Bonniwell Music Machine[edit]

There were considerations to initiate a European tour and accepting a spot at the Monterey Pop Festival. The festival, in particular, was highly influential and the group was interested in involvement, but management turned down all the offers. Instead, the band was overextended as it toured all over the U.S. in a poor-planned schedule. After the promotional tour of the U.S., the rest of the original line-up (Edgar, Landon, Olsen, and Rhodes) left Bonniwell, due to internal conflicts. Rhodes and Edgar subsequently teamed with Curt Boettcher and others to record as part of The Ballroom and The Millennium.[1]

In 1967, Music Machine (essentially only Bonniwell at this point) were signed to Warner Bros. and renamed The Bonniwell Music Machine. The name was changed to give more prominence to the band's core member, songwriter and vocalist. A self-titled LP was released that year, made up mostly of previously recorded singles with the original line-up. Session musicians were also utilized, but they were disinterested with Bonniwell's experimental sound, and only sought to do the bare minimum. As a result, Bonniwell spent hours dubbing and mastering recordings, an activity he normally did not want to be a part of, to meet his intended designs. Bonniwell admitted that chemistry with the musicians was inadequate and that he missed his former bandmates.[1] The recording spawned no big hits, despite the inclusion of a few more pop-oriented songs.[7]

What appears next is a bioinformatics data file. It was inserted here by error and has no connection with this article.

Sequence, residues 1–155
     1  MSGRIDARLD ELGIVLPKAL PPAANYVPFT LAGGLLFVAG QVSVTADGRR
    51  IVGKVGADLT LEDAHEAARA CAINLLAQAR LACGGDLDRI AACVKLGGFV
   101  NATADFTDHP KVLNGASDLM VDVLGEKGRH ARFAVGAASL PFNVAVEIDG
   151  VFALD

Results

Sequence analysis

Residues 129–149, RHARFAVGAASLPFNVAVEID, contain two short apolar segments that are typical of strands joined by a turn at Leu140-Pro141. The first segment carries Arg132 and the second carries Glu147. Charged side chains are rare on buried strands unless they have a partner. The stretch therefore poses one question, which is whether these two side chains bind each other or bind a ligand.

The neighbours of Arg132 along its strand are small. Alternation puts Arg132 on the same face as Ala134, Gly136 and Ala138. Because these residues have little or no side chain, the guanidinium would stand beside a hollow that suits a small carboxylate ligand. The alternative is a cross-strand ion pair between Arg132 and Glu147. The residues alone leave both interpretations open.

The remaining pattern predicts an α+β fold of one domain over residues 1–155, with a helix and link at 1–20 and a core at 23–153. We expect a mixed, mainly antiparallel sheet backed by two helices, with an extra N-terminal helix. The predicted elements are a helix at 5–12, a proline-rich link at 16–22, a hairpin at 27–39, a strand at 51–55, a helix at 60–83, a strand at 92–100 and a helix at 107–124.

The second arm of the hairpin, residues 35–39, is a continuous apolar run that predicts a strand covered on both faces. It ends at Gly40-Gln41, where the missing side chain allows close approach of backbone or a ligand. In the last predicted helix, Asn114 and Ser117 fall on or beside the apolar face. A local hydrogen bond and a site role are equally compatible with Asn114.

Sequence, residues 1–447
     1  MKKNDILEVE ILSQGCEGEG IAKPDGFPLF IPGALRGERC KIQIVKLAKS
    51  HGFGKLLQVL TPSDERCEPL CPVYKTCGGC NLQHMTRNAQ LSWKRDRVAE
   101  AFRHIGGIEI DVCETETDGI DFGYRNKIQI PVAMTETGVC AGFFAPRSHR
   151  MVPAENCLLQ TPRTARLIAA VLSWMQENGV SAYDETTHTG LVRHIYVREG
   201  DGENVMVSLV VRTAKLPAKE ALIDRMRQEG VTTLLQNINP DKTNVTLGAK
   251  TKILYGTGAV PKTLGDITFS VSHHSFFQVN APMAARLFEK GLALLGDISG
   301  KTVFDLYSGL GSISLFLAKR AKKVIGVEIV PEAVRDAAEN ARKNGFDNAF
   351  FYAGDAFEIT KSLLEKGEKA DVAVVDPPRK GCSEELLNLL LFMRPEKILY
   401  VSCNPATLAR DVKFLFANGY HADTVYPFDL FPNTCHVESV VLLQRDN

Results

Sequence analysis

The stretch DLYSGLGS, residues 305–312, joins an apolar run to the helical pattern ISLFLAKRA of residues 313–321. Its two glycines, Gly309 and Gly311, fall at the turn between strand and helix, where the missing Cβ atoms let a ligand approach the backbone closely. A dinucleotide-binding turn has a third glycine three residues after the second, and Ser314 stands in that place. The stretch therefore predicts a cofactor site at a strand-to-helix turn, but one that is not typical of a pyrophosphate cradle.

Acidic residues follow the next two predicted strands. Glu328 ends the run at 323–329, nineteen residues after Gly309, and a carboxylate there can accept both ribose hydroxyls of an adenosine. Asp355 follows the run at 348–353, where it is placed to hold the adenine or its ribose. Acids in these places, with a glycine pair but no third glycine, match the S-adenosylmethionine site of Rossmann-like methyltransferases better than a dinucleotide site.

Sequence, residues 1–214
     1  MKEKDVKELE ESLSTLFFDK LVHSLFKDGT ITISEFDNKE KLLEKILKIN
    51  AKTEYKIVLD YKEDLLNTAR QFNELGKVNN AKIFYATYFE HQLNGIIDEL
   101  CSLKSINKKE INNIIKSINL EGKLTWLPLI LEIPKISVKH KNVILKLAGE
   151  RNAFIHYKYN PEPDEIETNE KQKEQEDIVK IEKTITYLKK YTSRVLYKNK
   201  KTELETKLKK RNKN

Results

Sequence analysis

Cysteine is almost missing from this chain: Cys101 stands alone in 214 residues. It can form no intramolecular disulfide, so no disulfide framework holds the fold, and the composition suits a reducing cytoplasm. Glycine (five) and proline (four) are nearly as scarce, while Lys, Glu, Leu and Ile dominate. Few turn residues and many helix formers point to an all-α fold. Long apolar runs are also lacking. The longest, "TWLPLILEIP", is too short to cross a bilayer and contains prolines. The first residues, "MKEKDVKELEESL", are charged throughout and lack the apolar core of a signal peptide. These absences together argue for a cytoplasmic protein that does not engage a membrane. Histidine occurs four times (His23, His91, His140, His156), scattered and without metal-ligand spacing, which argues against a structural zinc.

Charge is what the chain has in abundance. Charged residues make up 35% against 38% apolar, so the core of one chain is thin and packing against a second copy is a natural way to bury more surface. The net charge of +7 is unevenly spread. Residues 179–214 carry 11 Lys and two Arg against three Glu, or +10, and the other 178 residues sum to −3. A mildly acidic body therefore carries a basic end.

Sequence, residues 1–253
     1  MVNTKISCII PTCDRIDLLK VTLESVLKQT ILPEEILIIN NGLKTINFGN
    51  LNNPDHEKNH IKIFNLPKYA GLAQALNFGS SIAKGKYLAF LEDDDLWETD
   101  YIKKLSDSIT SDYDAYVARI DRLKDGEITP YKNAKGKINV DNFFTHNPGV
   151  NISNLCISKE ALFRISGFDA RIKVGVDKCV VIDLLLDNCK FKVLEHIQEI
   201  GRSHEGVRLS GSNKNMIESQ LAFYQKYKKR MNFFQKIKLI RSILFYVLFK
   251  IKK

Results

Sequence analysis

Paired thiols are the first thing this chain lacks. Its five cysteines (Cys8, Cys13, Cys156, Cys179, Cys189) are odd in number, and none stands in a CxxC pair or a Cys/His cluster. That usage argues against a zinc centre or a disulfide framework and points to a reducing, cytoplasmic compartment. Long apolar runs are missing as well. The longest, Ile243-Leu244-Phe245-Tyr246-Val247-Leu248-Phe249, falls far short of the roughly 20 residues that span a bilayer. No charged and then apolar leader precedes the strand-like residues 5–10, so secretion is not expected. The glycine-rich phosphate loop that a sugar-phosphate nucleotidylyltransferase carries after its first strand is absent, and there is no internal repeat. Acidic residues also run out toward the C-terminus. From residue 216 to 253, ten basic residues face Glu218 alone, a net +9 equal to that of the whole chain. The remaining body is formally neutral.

A third Music Machine album was recorded but never released. In 2000, a Bonniwell Music Machine album called Ignition was released on Sundazed Records. This is a collection of songs from the unreleased 1969 album, as well as demo tracks from the band's Raggamuffin days in 1965. After the unreleased third album, The Music Machine officially disbanded in 1969. Bonniwell went on to record a final solo album, but it was commercially unsuccessful. He ultimately took a long hiatus from music, even though Bonniwell is said to have written nearly 300 compositions during The Music Machine era.[8]

In 1996, Bonniwell self-published a memoir called Talk Talk, which was later revised and re-titled Beyond The Garage, published by the small press Christian Vision. He died of lung cancer on December 20, 2011.[4][9]

In the 1990s, U.K. psychedelic folk rock band The Mysteated were heavily influenced by The Music Machine sound, and Bonniwell's writing style.

Ron Edgar died on February 23, 2015 at the age of 68.[10][11]